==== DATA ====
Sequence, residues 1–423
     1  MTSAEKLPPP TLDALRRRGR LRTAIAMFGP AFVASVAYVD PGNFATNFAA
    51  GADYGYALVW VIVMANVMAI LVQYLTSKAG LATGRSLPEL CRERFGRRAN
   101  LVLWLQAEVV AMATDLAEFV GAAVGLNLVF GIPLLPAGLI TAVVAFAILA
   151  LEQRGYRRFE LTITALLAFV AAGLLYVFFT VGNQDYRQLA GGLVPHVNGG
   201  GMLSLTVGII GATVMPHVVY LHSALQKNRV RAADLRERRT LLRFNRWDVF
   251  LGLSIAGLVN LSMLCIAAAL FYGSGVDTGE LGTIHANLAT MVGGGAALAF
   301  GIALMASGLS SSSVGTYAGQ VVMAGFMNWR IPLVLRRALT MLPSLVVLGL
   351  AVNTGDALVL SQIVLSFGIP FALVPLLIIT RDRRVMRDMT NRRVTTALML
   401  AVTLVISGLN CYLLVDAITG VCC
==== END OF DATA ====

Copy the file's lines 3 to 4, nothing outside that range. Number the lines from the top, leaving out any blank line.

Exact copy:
    51  GADYGYALVW VIVMANVMAI LVQYLTSKAG LATGRSLPEL CRERFGRRAN
   101  LVLWLQAEVV AMATDLAEFV GAAVGLNLVF GIPLLPAGLI TAVVAFAILA